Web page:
Category: Museum Monday

Daily Photo – November 28, 2016

Capt Roland Roberts and Harold Lowe with Turtle

Photo courtesy of the Albert Lowe Museum, Green Turtle Cay

It’s Museum Monday! Today’s photo shows Captain Roland Roberts (left) and Harold Lowe with a large turtle. During the late 1800s and early 1900s, turtle fishing was a lucrative occupation. Whereas a full day’s work earned a Green Turtle Cay labourer less than two shillings, one hawksbill turtle shell could bring in £8-10.

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Daily Photo – October 31, 2016

Making Rope - Photo courtesy of the Albert Lowe Museum

Making Rope – Photo courtesy of the Albert Lowe Museum

Today’s Museum Monday photo is from the early to mid-1900s, and features local men making rope. Rope was commonly made from locally grown sisal. I don’t know who the people are in the image, but the photograph was taken on the road between Sundowners and the freight dock.

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Daily Photo – October 10, 2016

Cane Mill, Green Turtle Cay

Image courtesy of the Albert Lowe Museum

Early in the 20th century, Green Turtle Cay residents grew sugar cane, from which they would extract cane juice, using a mill such as the one above. The cane juice would be boiled down to make syrup, which was used in place of more expensive, imported sugar. Though this photo shows men and boys turning the mill wheel, at other times, it was pulled by a horse.

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Daily Photo – September 12, 2016

Wedding of Clarence and Lillian Pedican

Photo courtesy of the Albert Lowe Museum

Today’s Museum Monday photograph was taken on May 2, 1938 at the Green Turtle Cay marriage of Clarence Pedican and Lillian Saunders. Sadly, Lillian would die in 1956 at just 36 years old. And though Clarence would remarry the following year, that marriage was short lived. In 1959, Clarence was lost at sea from a crawfish boat traveling to Florida.

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Daily Photo – August 15, 2016

Historic Green Turtle Cay, Abaco, Bahamas

Photo courtesy of the Albert Lowe Museum

Today’s Museum Monday photo shows the settlement of New Plymouth, as well as Black Sound and, in the distance, Pelican and No Name Cays.

Note that at the time this photo was taken, the Gillam Bay point, as we know it, did not exist. Above and to the right of the point is a sandbar, to which my grandmother and other older Green Turtle residents recalled walking at low tide to gather shells. Over time, the land between the point and the bar filled in to create what is now the Gillam Bay point.

This photo is a great reminder of how the shores of the cay ebb and flow over time.

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Daily Photo – July 25, 2016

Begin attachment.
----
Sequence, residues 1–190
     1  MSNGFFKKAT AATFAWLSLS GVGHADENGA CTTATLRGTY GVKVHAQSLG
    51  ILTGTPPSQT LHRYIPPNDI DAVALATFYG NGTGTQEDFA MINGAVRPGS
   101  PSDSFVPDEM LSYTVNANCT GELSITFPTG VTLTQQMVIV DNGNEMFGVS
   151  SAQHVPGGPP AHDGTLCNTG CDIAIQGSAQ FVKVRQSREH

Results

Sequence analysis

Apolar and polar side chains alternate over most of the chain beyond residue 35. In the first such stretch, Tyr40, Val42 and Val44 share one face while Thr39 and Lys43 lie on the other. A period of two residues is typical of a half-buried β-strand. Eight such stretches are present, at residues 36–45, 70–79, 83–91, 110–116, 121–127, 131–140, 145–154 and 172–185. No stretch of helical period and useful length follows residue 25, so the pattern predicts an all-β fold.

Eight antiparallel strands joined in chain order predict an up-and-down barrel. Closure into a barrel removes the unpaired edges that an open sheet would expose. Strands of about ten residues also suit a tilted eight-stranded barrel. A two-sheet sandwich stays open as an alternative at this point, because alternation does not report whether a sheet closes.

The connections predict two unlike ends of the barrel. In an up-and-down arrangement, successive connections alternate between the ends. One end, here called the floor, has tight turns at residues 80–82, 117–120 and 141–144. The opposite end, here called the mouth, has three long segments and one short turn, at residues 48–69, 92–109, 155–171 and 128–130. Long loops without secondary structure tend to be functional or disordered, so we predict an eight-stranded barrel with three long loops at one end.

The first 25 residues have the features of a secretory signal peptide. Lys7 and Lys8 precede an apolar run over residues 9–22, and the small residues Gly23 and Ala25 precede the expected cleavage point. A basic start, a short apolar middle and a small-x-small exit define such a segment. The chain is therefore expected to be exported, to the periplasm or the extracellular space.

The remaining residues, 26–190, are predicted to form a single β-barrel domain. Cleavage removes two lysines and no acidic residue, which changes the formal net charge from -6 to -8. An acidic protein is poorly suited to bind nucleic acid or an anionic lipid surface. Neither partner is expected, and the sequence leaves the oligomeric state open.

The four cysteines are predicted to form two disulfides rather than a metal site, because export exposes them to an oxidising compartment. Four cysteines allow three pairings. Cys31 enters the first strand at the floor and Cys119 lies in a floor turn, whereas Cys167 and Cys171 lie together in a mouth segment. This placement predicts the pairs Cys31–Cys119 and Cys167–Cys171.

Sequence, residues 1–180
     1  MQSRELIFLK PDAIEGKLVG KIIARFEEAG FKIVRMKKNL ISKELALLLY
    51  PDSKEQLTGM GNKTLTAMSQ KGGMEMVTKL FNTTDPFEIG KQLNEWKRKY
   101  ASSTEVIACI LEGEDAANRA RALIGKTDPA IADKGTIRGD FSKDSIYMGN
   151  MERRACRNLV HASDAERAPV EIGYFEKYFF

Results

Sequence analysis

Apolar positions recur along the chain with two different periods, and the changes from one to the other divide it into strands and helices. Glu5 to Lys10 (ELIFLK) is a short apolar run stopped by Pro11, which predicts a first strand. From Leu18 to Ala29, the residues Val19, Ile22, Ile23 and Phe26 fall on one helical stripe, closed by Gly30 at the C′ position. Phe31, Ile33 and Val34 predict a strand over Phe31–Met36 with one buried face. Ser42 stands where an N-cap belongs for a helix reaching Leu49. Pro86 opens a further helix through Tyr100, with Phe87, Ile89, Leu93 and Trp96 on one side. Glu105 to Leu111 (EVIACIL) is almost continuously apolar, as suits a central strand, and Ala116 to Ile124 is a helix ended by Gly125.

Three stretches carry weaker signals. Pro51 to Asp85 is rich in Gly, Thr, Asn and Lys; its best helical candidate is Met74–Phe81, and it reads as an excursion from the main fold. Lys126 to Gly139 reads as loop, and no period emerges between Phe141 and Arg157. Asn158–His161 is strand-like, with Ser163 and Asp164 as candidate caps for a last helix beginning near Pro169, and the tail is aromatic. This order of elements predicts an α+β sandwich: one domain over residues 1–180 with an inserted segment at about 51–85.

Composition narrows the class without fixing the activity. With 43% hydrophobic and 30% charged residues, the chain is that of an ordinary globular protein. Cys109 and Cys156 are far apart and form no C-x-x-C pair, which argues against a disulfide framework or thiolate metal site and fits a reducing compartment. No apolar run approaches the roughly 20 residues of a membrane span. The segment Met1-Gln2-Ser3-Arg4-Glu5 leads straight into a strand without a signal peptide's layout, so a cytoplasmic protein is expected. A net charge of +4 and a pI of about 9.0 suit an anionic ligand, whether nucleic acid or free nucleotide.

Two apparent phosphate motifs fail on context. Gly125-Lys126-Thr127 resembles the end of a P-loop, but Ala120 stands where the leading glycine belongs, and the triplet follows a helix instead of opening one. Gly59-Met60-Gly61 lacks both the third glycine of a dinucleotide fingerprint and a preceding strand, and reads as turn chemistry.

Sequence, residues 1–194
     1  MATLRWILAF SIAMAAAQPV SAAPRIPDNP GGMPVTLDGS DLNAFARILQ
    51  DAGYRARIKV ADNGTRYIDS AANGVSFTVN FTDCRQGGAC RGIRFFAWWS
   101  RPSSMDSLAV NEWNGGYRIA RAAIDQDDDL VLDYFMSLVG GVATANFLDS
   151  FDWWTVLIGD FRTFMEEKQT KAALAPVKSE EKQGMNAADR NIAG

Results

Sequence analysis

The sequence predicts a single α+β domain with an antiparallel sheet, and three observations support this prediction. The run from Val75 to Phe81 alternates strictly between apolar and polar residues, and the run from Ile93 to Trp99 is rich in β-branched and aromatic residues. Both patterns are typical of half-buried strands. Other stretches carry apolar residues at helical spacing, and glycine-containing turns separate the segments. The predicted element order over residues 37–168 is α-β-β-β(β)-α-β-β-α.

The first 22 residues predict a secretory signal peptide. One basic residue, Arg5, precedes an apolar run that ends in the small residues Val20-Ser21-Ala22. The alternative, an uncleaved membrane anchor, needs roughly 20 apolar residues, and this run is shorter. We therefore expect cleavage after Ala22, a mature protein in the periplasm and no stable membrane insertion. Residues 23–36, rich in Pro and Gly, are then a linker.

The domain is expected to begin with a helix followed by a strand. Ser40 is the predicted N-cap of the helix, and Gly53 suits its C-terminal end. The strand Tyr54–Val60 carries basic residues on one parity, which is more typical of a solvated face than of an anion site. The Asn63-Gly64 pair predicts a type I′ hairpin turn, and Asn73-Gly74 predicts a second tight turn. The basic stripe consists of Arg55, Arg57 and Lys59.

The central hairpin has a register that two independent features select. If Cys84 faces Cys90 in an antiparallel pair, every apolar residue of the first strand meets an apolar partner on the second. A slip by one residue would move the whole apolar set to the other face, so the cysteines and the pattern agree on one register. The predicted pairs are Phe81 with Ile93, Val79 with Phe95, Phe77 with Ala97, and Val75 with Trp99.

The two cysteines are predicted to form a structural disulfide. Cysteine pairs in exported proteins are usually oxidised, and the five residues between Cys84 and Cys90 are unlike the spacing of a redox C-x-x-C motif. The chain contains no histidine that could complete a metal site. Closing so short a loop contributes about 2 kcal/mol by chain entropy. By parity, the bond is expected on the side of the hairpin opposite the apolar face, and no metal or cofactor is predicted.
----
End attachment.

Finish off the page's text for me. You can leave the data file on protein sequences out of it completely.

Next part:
Green Turtle Cay Historic Photo

Photo from the collection of Carolyn (Albury) Diedrick.

This Museum Monday photo is from my mom’s collection. It’s interesting for two reasons.

First, it shows where the road from town used to end — the concrete steps leading to the school would be to the right of this photo. On the far left is the property opposite the school on which the teacher’s residence was built and where the Green Turtle Cay Volunteer Fire Station stands today.

Second, it features a current resident of the cay, who I hope will forgive me for posting this. Can you guess who he is? And can anyone identify the young lady?

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Daily Photo – July 18, 2016

Sandra Reilly and Mrs. Marguerite Pindling -- Green Turtle Cay, Bahamas

Photo courtesy of the Albert Lowe Museum, Green Turtle Cay, Bahamas

Writer Sandra Riley presents her book, Homeward Bound, to Lady Marguerite Pindling, wife of then Prime Minister Lynden Pindling. Behind them hangs a portrait of shipbuilder Albert Lowe painted by Mr. Lowe’s son Alton, and featured on the cover of Homeward Bound.

In honour of the 40th anniversary of the opening of the Albert Lowe Museum, each Monday’s daily photo during 2016 will be a historic image from Green Turtle Cay or Abaco.

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Daily Photo – July 4, 2016

Museum Monday Photo - Little House by the Ferry

Photo courtesy of the Albert Lowe Museum, Green Turtle Cay, Bahamas

Bahamian artist and historian Alton Lowe and Michelle Roberts of Green Turtle Cay present the New Plymouth flag to Key West Mayor Charles McCoy during the first Island Roots Heritage Festival, held November 1977 in Key West.

During 2016, in honour of the 40th anniversary of the opening of the Albert Lowe Museum, each Monday’s daily photo will be a historic image from Green Turtle Cay or Abaco.

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Daily Photo – May 30, 2016

Methodist Church, Green Turtle Cay, Abaco, Bahamas

Built during the mid- to late-1800s on the property east of where the town administration buildings stand today, Green Turtle Cay’s Methodist Church could seat 1,200 people. The structure was one of many destroyed during the hurricane of 1932.

UPDATE: Thank you, eagle-eyed readers! Though it looks similar, I believe the building in this image is actually the New Plymouth Inn, post 1932 hurricane and prior to its conversion from private home to a hotel.

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